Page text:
Office’s good performance is less likely in other user applications; MS Office has been at this game for 22 years. One internal test application I used to generate files had non-CA performance similar to the synthetic file creation test above. However, when the same tool ran against a CA share, it was 8.6 times slower, because of how it continuously asked the server to allocate more space for the file and kept paying the synchronous write-through cost. There’s no way to know what the more “write-through inefficient” apps are until you find out in testing.

Important: even general-purpose file server clusters have CA set on their shares by default when created via the cluster admin tool, Server Manager, or New-SmbShare. You should consider removing that setting if you require performance over data write-through integrity on shares on clusters. On non-clustered file servers, you cannot enable CA.

This is conceivably useful even with SOFS and application data workloads: for instance, you could create two shares to the same folder. One is for Hyper-V to mount VHDXs remotely, and one is to copy VHDXs to that share when configuring new VMs, such as through SCVMM.

Final important note: make sure you install (at a minimum) KB2883200 on your Windows Server 2012 R2 servers and Windows 8.1 clients; it makes copying to shares a little faster. Better yet, stay up to date on your file server by using this list of currently available hotfixes for the File Services technologies in Windows Server 2012 and in Windows Server 2012 R2


The performance issues are actually manageable; many users probably won’t notice any write-through impact, depending on their work patterns. The real issue here is that Scale-Out requires CSV. Moreover, this paints your environment into a corner, because many IW applications do not support that file system.

At first, you configure files on a scale-out cluster share and it works fine. Nevertheless, a year later, when you decide you need more file server capabilities like Work Folders, Dynamic Access Control, File Classification Infrastructure, and FSRM file quotas and screens – you are blocked.

Let’s go to the big board.

Technology Area
General Use File Server Cluster
Scale-Out File Server
SMB Continuous Availability
SMB Multichannel
SMB Direct
SMB Encryption
SMB Transparent failover
File System
Resilient File System (ReFS)
Cluster Shared Volume File System (CSV)
File Management
Data Deduplication (Windows Server 2012)
Data Deduplication (Windows Server 2012 R2)
DFS Namespace (DFSN) root server root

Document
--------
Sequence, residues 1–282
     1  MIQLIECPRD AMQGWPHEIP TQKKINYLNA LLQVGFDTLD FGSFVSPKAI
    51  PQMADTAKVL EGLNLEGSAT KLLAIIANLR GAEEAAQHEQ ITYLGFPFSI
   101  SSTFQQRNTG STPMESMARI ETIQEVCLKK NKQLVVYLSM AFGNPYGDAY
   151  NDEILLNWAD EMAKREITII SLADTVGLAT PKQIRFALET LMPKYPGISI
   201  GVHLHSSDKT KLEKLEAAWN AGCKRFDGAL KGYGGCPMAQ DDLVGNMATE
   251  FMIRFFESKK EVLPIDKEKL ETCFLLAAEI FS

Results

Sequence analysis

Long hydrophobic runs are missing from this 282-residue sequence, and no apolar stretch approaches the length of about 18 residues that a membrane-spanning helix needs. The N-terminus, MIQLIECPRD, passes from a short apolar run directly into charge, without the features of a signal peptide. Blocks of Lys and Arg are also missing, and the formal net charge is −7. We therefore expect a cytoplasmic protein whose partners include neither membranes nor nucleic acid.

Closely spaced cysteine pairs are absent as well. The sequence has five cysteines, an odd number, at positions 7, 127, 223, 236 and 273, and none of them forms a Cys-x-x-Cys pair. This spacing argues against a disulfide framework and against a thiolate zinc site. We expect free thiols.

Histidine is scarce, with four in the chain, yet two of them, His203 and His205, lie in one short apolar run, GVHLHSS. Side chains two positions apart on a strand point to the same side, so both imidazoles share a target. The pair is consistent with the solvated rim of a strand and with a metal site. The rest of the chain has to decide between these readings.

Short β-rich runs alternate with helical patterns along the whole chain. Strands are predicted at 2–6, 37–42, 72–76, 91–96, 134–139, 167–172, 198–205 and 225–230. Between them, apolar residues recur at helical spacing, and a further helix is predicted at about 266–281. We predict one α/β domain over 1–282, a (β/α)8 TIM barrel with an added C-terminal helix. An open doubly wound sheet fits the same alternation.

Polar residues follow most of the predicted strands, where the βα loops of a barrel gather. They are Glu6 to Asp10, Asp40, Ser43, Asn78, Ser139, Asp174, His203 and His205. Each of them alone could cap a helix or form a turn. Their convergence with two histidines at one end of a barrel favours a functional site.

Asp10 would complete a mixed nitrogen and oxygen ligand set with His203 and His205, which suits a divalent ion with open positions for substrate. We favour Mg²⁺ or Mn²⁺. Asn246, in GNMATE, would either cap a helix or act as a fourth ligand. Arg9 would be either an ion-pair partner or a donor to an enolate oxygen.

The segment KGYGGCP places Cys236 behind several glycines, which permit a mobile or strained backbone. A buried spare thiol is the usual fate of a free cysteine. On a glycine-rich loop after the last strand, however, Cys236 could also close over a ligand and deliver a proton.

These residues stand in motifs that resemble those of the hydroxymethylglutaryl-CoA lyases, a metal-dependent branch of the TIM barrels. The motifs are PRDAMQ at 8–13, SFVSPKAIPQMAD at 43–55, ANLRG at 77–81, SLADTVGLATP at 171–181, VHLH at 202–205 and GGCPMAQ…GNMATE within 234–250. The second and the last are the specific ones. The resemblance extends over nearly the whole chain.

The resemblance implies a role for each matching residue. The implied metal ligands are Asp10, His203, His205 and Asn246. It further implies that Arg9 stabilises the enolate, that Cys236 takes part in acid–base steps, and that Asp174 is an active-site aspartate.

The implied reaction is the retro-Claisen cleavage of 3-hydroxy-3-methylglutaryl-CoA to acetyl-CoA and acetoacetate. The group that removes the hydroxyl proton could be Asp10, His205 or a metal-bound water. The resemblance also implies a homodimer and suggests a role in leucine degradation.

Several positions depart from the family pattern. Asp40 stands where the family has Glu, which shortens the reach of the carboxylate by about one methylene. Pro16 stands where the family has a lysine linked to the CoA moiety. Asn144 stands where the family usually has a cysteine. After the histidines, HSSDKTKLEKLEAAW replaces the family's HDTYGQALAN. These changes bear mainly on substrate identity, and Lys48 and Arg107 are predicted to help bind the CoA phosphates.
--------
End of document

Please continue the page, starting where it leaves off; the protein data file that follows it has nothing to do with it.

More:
DFS Namespace (DFSN) folder target server
DFS Replication (DFSR)
File Server Resource Manager (Screens and Quotas)
File Classification Infrastructure
Dynamic Access Control (claim-based access, CAP)
Folder Redirection
Offline Files (client side caching)
Roaming User Profiles
Home Directories
Work Folders
NFS Server
Microsoft SQL Server

1 Only works if CA is enabled on shares

2 Not recommended on Scale-Out File Servers.

3 Not recommended on general use file servers.

4 Requires NTFS

5 CSC is less compatible with CA shares than the other IW technologies, due to how it decides a share is offline combined with the SMB 3 client. This means that Offline Files will stay online even if the user no longer has access to the share, for 3-6 minutes.

6 Data Deduplication is only supported in a scale-out file server deployment for Virtual Desktop Infrastructure (VDI) workloads with separate storage and compute nodes. The storage must be remote.

Ultimately, this means that if you, your boss, or your customer decides “after that recent audit, we need to use DAC+FCI for more manageable security and we definitely need to screen out MP3 files and Grumpy Cat meme pics”, you will be forced to recreate the entire configuration using NTFS and general use file server clusters. This does not sound pleasant, especially when you now have to shift around terabytes of data.


Moreover, let’s not forget about down-level clients like Windows 7; any CA shares require SMB 3.0 or later and older clients connecting to them cannot use SOFS features. While a Windows 7 or Vista client can connect to a CA share, you need Windows 8 or later to use the CA feature.

As for XP? It cannot connect to a CA share at all. This doesn’t matter though, because you already got rid of XP. Right?

The wheel is come full circle

Finally, though, is the big question: if you accept the performance overhead, what does continuous availability provided by SOFS buy you with IW workloads?

The answer: little.